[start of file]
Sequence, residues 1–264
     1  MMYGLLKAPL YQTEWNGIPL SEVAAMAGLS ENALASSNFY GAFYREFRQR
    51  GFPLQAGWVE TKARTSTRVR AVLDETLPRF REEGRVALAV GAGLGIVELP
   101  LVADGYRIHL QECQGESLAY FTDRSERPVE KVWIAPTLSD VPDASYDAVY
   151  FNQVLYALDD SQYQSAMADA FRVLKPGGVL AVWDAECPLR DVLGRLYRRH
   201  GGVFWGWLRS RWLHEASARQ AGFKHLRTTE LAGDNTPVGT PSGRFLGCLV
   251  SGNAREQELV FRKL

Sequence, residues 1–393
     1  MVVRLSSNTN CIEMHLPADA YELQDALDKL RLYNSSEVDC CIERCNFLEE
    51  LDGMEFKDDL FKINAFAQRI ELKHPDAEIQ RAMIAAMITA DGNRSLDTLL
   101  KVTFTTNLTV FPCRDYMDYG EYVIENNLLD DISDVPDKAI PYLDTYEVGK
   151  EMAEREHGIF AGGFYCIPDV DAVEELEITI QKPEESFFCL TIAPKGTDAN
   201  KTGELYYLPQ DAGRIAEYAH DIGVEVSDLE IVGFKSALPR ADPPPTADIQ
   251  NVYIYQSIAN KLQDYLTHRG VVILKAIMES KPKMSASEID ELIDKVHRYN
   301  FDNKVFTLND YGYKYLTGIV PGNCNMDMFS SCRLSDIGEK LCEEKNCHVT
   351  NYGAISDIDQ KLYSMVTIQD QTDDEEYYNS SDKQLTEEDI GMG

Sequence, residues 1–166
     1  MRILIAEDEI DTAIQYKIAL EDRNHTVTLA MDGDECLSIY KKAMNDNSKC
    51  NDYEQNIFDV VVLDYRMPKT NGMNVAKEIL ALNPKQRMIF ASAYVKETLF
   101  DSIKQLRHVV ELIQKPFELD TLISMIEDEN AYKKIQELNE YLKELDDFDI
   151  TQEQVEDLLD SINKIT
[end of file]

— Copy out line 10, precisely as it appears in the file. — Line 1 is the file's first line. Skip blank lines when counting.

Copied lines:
    51  LDGMEFKDDL FKINAFAQRI ELKHPDAEIQ RAMIAAMITA DGNRSLDTLL